Tennessee Woman Says Police Chief Watched Her Shower Before Carting Her Off to Jail

“The entire time, plaintiff felt humiliated and had no choice but to allow Tanksley to observe every intimate moment," according to her lawsuit.

A rural Tennessee woman is suing her small town and its police department on allegations that she was arrested for no good reason, twice within a few months, and even subjected to the humiliation of being watched by the police chief while she showered and dressed for jail.

Karry Yearwood said in a lawsuit filed in federal court Nov. 3 that she was unfairly targeted by a police department plagued by misconduct claims. She’s now seeking millions of dollars in damages from the small Appalachian town of Graysville, its police chief, and two of its officers.


In an effort to end an argument with two people in her front yard this past March, Yearwood alleged in her complaint that she called the police to get the people off her property.

She’d already had a negative interaction with local cops in December, when two officers arrested her nephew on a warrant and refused to show it to her. (It was discovered later that the warrant hadn’t been signed by a judge.) They then arrested Yearwood for disorderly conduct and resisting arrest “without any lawful justification,” according to her lawsuit. Those charges were later dropped, though, and Yearwood needed a cop that March day.

She went inside and sat on her couch, still in her pajamas, and waited for police to arrive. The city’s police chief, Julie Tanksley, ultimately responded to her call and kicked the two people off the property. Then Tanksley walked into Yearwood’s home unannounced and said she’d seen Yearwood assault her mother, Debbie Caraway. Confused because she’d been indoors the entire time Tanksley was present, Yearwood asked to speak with her mother, but Tanksley refused. The police chief allegedly said that Caraway told her Yearwood had attacked her. But Caraway overheard Tanksley and insisted she’d never made that allegation.

Yearwood was told she’d be going to jail that day anyway. She asked to at least change out of her pajamas and get cleaned up before she went, since she was menstruating. The police chief obliged, but said she’d have to watch Yearwood get showered and dressed.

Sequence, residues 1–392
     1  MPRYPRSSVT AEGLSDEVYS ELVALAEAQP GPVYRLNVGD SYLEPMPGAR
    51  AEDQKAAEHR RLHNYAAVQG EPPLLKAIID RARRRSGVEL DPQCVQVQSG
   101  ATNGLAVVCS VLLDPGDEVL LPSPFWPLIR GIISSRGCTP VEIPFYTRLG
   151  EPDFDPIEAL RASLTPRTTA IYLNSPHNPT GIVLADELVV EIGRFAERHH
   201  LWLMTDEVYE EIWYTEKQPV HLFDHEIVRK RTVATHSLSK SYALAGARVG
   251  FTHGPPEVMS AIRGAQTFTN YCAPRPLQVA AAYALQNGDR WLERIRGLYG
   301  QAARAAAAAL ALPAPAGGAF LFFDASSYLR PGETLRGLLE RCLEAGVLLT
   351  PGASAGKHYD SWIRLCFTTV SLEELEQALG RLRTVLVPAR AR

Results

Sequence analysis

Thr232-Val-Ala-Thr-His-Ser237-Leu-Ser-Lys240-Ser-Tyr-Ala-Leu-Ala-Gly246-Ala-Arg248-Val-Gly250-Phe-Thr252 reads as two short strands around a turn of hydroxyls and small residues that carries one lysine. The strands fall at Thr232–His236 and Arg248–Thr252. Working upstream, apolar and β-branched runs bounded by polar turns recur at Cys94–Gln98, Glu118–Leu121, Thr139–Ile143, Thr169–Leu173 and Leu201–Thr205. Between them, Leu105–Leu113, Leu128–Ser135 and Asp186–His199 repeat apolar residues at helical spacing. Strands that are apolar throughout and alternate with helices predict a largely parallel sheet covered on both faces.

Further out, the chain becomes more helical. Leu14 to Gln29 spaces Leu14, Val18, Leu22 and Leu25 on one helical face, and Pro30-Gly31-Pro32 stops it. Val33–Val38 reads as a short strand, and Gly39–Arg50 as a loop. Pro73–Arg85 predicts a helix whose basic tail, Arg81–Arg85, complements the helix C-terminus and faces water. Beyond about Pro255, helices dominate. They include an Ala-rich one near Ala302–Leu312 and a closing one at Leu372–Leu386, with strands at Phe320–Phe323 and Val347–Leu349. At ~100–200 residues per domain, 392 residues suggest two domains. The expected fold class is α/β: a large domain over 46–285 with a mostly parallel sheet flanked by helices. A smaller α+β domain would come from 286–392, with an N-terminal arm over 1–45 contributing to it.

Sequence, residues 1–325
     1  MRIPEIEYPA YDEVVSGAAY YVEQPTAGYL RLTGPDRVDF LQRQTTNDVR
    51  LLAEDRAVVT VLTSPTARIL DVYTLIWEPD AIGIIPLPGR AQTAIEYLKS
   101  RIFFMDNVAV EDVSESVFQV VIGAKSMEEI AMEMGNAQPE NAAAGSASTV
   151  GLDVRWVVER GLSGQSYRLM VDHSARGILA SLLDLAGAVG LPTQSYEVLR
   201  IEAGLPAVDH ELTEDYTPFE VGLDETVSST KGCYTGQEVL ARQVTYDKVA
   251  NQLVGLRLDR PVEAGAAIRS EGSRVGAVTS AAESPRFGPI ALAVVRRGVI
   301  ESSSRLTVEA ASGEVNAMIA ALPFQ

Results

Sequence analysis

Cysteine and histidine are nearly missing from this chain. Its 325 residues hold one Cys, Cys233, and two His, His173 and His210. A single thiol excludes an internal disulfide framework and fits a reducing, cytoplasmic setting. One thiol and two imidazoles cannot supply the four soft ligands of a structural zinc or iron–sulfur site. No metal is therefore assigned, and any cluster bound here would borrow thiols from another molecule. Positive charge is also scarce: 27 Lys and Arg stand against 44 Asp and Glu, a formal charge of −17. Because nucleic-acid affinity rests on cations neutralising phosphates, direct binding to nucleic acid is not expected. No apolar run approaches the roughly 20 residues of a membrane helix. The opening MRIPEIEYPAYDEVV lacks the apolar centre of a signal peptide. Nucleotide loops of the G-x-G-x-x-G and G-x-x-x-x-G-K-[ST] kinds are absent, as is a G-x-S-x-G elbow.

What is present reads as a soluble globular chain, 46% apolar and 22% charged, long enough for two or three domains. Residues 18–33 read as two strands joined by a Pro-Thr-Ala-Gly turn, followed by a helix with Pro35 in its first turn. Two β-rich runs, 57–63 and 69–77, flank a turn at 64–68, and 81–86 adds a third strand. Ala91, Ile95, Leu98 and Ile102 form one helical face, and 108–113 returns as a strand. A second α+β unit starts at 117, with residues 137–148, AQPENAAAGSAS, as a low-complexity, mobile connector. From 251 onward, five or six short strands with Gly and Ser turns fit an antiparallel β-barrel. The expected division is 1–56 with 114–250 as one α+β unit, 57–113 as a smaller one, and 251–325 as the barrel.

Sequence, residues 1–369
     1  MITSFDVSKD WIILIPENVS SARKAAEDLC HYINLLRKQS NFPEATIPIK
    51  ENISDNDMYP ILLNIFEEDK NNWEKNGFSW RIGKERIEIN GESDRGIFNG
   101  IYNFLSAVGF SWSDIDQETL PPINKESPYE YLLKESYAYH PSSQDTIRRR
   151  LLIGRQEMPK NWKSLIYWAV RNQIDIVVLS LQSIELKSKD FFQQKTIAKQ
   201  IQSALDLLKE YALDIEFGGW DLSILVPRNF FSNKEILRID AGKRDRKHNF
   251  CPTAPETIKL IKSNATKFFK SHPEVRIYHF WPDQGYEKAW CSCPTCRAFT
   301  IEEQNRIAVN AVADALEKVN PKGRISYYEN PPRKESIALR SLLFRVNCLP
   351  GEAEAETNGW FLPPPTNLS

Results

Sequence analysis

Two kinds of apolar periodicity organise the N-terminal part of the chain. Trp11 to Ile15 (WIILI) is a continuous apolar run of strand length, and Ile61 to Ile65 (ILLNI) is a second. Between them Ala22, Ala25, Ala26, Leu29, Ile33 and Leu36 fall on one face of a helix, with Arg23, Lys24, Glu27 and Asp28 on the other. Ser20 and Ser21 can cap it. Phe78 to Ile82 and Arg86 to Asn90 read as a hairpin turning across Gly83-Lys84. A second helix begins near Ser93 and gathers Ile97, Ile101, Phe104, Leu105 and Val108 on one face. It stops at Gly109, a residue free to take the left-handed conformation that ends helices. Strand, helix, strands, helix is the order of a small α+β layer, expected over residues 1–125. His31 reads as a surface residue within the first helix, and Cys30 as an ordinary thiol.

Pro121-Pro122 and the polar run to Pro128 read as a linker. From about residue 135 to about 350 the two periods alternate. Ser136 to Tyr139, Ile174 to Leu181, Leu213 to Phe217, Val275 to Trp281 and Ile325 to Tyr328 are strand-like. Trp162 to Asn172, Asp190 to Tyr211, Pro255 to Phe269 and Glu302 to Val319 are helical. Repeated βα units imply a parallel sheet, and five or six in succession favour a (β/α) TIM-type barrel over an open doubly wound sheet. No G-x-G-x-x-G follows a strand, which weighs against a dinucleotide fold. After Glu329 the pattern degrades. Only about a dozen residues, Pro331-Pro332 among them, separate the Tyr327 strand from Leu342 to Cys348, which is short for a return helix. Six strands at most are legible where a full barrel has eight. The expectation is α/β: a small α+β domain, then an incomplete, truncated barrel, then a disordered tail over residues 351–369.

“Tanksley then watched plaintiff get undressed, watched plaintiff shower, and watched plaintiff place a feminine hygiene product into her underwear as plaintiff got into clothes,” Yearwood’s attorney alleged in the lawsuit. “The entire time, plaintiff felt humiliated and had no choice but to allow Tanksley to observe every intimate moment."

None of the defendants has filed a response to the lawsuit, and attorneys for the city said they weren’t prepared to comment. The police department did not immediately respond to a VICE News request for comment about Yearwood’s claims.

Yearwood was charged with domestic assault for the March incident, although those charges were later dismissed by a judge, too.

Even before Yearwood’s arrests, the Graysville police department was plagued with issues, according to the lawsuit. For one, the local district attorney general, Mike Taylor, informed the city it wouldn’t prosecute any of Tanksley’s cases in May 2017 because the chief was at the time facing two charges of criminal extortion relating to cases she handled as police chief of another Tennessee police department. She was later found not guilty of those charges.

And the city’s last police chief before Tanskley, Jason Erik Redden, was indicted on ten counts of official misconduct, according to the lawsuit. He eventually pleaded guilty to two of those counts.

Another man who alleged he was arrested on an unapproved warrant also sued the Graysville police department in June, according to the Chattanooga Times Free Press.

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